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Curr Biol. 2018 Sep 10;28(17):2845-2852.e4. doi: 10.1016/j.cub.2018.07.002. Epub 2018 Aug 30.

Sun Navigation Requires Compass Neurons in Drosophila.

Author information

1
Division of Biology and Biological Engineering, California Institute of Technology, Pasadena, CA 91125, USA.
2
Division of Biology and Biological Engineering, California Institute of Technology, Pasadena, CA 91125, USA; Institute of Neuroscience, University of Oregon, Eugene, OR 97401, USA; Department of Botany and Plant Pathology, Oregon State University, Corvallis, OR 97331, USA.
3
Division of Biology and Biological Engineering, California Institute of Technology, Pasadena, CA 91125, USA. Electronic address: flyman@caltech.edu.

Abstract

Despite their small brains, insects can navigate over long distances by orienting using visual landmarks [1], skylight polarization [2-9], and sun position [3, 4, 6, 10]. Although Drosophila are not generally renowned for their navigational abilities, mark-and-recapture experiments in Death Valley revealed that they can fly nearly 15 km in a single evening [11]. To accomplish such feats on available energy reserves [12], flies would have to maintain relatively straight headings, relying on celestial cues [13]. Cues such as sun position and polarized light are likely integrated throughout the sensory-motor pathway [14], including the highly conserved central complex [4, 15, 16]. Recently, a group of Drosophila central complex cells (E-PG neurons) have been shown to function as an internal compass [17-19], similar to mammalian head-direction cells [20]. Using an array of genetic tools, we set out to test whether flies can navigate using the sun and to identify the role of E-PG cells in this behavior. Using a flight simulator, we found that Drosophila adopt arbitrary headings with respect to a simulated sun, thus performing menotaxis, and individuals remember their heading preference between successive flights-even over several hours. Imaging experiments performed on flying animals revealed that the E-PG cells track sun stimulus motion. When these neurons are silenced, flies no longer adopt and maintain arbitrary headings relative to the sun stimulus but instead exhibit frontal phototaxis. Thus, without the compass system, flies lose the ability to execute menotaxis and revert to a simpler, reflexive behavior.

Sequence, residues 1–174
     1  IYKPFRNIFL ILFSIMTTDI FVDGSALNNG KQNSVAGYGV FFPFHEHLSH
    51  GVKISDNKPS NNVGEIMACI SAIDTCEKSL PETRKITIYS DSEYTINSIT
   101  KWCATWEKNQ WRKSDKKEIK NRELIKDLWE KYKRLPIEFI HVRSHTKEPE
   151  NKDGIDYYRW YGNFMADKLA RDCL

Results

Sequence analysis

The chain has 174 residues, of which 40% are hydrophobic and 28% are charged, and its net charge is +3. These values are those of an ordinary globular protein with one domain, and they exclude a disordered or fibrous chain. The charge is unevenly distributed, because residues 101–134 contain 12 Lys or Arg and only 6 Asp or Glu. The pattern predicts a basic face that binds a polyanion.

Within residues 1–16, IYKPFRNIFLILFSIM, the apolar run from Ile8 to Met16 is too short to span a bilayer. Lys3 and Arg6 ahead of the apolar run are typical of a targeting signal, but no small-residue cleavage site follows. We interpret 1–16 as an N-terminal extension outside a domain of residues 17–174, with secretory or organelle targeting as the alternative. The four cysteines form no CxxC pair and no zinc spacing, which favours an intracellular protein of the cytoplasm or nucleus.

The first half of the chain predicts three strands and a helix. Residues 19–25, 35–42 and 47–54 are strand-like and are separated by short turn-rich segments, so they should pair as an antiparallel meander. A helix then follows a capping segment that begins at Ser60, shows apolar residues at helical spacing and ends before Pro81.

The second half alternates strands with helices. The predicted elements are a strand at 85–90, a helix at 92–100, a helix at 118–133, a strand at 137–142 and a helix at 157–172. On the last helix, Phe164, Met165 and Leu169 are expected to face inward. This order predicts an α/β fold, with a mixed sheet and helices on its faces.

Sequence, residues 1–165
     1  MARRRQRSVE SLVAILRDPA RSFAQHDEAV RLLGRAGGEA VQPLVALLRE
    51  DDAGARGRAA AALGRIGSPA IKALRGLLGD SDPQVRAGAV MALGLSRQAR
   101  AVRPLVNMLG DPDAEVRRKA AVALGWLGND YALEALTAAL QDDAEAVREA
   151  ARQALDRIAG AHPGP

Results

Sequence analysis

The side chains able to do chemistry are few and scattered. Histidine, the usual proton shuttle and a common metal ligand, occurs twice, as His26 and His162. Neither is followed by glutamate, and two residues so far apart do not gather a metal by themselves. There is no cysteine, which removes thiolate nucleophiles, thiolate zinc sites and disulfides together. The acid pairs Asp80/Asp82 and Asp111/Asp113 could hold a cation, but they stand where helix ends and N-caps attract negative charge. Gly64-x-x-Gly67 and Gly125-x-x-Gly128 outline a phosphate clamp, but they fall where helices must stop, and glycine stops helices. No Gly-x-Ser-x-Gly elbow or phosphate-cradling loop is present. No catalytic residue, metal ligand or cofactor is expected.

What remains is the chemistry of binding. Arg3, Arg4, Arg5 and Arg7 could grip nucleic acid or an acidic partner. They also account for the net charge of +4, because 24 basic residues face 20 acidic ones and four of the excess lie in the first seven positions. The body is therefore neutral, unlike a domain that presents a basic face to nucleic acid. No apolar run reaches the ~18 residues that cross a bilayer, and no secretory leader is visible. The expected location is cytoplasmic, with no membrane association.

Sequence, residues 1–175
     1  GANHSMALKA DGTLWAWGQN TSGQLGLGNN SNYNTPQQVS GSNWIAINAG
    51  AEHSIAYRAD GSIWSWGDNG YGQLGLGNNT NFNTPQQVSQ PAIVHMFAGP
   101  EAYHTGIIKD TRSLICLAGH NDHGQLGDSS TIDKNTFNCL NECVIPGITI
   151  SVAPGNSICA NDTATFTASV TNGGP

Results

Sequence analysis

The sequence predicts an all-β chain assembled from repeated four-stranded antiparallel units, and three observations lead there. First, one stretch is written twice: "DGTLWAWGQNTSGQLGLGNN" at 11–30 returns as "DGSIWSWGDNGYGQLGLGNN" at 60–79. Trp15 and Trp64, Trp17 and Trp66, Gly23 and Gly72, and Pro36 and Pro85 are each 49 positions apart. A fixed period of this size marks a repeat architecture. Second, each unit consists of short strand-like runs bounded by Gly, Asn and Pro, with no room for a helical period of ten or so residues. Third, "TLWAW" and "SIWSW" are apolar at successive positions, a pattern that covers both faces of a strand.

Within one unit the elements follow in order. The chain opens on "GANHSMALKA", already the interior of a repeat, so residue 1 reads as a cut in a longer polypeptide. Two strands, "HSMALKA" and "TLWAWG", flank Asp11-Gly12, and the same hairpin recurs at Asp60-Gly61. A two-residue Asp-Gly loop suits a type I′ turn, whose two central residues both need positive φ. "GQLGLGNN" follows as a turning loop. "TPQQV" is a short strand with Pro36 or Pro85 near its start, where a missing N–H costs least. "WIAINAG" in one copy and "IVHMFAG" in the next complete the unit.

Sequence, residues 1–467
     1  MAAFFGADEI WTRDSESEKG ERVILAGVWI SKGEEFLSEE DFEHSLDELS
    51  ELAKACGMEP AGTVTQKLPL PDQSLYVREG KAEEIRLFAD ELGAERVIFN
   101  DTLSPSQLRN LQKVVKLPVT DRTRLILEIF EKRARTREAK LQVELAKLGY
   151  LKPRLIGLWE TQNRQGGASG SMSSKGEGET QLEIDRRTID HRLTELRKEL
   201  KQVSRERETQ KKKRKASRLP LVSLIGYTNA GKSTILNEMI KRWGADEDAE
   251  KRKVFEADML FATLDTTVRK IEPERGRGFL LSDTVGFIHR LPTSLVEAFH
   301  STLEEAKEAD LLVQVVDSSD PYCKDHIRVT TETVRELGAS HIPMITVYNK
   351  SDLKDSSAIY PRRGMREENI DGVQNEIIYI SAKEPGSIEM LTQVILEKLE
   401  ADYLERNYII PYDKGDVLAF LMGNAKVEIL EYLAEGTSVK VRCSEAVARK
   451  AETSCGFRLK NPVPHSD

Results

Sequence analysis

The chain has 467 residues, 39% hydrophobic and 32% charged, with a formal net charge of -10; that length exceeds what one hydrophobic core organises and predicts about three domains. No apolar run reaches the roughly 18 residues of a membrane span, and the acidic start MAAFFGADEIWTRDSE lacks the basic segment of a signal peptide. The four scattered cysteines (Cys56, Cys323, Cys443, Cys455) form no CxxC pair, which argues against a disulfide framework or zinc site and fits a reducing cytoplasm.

KEYWORDS:

central complex; navigation; sun compass

PMID:
30174187
DOI:
10.1016/j.cub.2018.07.002

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